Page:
The more I hear and read about Soler, the more I think the Cubs have a potential monster on their hands. Jim Callis believes the Cubs would have taken him ahead of Albert Almora had he been in the draft and Keith Law called him a top 5 pick, so he gets the edge over the unsigned Almora for now. Soler is an all-around player with 2 outstanding tools: power and throwing arm, but he also runs, defends, and should hit for average. He has shown flashes of a patient approach at the plate.
4. Albert Almora: unsigned, CF, 18
Almora's tools are a tick below the two players ahead of him on this list but he is much more likely to reach them because of his strong mental makeup and advanced approach to the game. His instincts and strong arm allow him to play an excellent defensive CF despite slightly above average speed. At the plate he should hit for average, and though he's just 18, it would surprise me if he didn't wind up being a strong OBP guy with a good plate approach. He could develop 20 HR power, but even if he doesn't, he has all-star potential in CF.
5. Brett Jackson, AAA, CF, 23
Jackson has many of the same kinds of tools and a similar strong mental makeup/work ethic as Almora. The biggest difference is that Jackson has more raw power and runs better, but his contact issues could prevent him from being a star. Still, he has all the other skills and traits you want from a solid to good everyday regular. Almora will likely move Jackson to a corner once he makes it, which would diminish Jackson's value a bit.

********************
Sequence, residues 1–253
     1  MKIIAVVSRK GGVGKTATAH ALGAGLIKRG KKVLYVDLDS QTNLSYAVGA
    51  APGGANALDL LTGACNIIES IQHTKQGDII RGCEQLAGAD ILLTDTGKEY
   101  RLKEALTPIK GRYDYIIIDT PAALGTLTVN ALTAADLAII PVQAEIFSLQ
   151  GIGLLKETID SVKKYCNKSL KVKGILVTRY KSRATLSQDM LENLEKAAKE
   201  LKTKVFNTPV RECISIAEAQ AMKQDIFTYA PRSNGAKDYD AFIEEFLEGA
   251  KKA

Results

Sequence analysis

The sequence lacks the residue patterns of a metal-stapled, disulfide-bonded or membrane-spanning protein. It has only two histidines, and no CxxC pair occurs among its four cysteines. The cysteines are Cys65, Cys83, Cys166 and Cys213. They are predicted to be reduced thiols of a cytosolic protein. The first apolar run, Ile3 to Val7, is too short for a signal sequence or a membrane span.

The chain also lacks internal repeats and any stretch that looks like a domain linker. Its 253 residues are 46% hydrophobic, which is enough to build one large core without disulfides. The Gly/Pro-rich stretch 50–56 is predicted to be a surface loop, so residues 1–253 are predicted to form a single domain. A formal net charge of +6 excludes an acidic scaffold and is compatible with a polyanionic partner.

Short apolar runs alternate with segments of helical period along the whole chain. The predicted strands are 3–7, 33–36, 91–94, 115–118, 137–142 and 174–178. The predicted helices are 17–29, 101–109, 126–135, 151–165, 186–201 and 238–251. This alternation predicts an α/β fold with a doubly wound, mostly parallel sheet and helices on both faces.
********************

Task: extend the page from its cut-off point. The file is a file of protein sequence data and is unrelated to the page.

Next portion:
6. Welington Castillo, AAA, C, 25
The oldest prospect on this list, Castillo won't be a prospect much longer. He's high on this list because he is a starting caliber catcher who can control a running game, hit for some power, and has improved from being a free swinger to a hitter with a good approach at the plate (3.78 PPA and 15% walk rate across 3 levels). Catchers who can do those things have tremendous value in this league. Not to put unrealistic expectations on him, but from a strictly physical standpoint, he can be a poor man's Yadier Molina, with the key difference being that he is nowhere near Molina's ability to handle pitchers right now.